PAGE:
E. Most of the household are able to afford it but due to an increase of cost of living every year (political and economy issue), most of them choose to spend wisely and do budget planning wisely.

M. It’s not affordable just for Malaysian, they mostly do it to attract foreigners and the average Malaysian salary is much better than other countries in Asia so you will see people from different countries of Asia working in Malaysia because of the good income.

  1. Could you please share with us one thing you find interesting about your country.

E. The largest cave chamber in the world in the world is Sarawak Chamber in Gunung Mulu National Park. Sabah is home to the Rafflesia, the largest flower in the world.

M. Malaysia is one of the top 10 countries in the world, Most visited per year a lot of beautiful islands, sightseeing, museums and nice people … and it’s a good place to enjoy with families, group of people or even for couples to have fun and relax at the same time.

    6.What do you think about the death penalty in Malaysia?

E. First of all, I’m against of it. In my opinion, the death penalty is inhumane. For some reason, death penalty may have a risk of executing innocent people. I prefer isolation in an underground cell away from humans for the rest of the murderer life. But on the other hand, the death penalty can be reserved for people who commit the most heinous crimes (mass murder).

M. In my opinion, I feel the life sentence is better than the death penalty is because the person who commits a crime should suffer and regret their whole life on what they have done. Unlikely death penalty it is a fearful punishment but not as heavy as death penalty because it takes a few seconds to close the perpetrator life chapter but life sentence teaches them about life values throughout their time spent in prison and at the same time regretting and realizing that they have wasted their lifetime. Judges and court should decide the right to punish whoever convicted crime.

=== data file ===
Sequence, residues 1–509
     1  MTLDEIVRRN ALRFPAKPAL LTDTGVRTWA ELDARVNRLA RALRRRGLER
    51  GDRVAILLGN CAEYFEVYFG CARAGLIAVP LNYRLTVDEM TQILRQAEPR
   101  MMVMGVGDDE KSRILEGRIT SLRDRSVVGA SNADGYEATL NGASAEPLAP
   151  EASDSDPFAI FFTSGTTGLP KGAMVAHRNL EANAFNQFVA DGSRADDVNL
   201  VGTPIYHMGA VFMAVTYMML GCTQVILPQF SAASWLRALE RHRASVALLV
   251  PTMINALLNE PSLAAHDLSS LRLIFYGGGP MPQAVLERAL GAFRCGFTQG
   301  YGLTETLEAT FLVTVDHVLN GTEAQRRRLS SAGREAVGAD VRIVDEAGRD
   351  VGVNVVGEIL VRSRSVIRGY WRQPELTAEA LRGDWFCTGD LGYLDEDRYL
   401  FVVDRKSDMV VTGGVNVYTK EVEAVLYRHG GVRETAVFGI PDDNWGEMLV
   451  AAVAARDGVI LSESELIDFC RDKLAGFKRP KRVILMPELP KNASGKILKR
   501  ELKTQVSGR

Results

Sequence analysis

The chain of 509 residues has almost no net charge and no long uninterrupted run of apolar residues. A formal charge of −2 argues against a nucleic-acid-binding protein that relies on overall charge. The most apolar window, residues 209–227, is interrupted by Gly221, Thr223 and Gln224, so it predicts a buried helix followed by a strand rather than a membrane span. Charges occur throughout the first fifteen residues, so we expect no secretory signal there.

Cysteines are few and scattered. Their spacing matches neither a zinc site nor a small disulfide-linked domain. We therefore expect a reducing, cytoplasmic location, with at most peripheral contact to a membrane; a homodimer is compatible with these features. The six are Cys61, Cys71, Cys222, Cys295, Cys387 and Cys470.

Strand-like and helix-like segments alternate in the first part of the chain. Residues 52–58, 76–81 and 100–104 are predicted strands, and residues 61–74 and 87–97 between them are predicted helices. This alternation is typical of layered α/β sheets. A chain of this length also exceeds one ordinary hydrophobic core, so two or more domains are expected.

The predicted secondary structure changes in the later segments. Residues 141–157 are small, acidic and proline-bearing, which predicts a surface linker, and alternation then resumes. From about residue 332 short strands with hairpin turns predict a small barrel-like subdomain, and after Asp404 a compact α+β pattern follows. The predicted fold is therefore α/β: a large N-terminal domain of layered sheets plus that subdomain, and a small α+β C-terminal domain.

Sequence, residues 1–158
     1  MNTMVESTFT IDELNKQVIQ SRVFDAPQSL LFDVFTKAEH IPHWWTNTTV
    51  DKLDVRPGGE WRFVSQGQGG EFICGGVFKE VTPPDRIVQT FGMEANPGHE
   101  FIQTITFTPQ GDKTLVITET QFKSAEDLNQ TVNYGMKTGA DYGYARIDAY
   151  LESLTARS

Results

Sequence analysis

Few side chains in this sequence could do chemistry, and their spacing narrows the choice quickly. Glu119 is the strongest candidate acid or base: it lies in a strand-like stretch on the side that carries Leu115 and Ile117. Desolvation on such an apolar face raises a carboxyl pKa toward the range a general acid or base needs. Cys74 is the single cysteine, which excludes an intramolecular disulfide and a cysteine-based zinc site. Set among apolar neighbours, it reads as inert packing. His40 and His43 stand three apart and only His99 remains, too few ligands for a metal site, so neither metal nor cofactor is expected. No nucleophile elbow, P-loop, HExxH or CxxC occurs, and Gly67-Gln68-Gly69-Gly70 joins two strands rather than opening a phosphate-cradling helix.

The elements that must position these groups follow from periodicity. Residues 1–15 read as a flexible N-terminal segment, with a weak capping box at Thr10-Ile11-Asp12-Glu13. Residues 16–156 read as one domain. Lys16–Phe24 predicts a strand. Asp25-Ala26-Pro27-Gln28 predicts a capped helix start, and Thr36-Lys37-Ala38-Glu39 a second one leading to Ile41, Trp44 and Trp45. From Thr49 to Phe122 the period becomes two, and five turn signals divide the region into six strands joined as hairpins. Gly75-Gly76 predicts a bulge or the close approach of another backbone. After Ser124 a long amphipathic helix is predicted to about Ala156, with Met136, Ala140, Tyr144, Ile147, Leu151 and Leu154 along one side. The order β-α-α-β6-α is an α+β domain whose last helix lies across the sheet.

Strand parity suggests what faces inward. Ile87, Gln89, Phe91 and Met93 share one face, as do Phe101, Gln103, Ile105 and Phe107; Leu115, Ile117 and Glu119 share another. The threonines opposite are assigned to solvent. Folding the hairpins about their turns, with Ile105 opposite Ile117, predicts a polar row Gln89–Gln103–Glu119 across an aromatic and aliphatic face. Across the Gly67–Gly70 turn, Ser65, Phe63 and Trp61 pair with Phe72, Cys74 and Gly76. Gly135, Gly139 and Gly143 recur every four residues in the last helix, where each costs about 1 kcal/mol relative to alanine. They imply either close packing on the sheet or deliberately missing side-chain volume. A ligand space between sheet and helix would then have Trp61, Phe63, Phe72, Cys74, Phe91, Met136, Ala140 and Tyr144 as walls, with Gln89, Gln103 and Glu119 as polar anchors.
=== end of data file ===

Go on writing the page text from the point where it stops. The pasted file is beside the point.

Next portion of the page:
7. I have heard that in there are restrictions inMalaysian law and just Malay               people are able to work in the government and there are also limits for foreign         people to access the Universities, why in such a multicultural country these                 things happen?

M. Well, it is because it all have started with Malay people since the Independence Day of Malaysia where only Malay Muslims were allowed to be the prime minister of this country. That shows how politics made the nations to be a stereotype about other races than Malay. For example, mostly Malays are allowed or eligible to enter government universities or government firms because it is called their country but the other races are still arguing and trying to improve the mindset and stability of this country. Hence the bribe issue also became worst in this country also because of politicians influence. These restrictions still exist due to the lack of knowledge of this country’s history and development of Malaysia and also older generations should teach the younger ones to think and study the real truth how this country developed from nothing to a developing country without assuming that Malay did everything for this country. Racism is something that needs to be demolished in order to make the slogan of “1MALAYSIA” for real.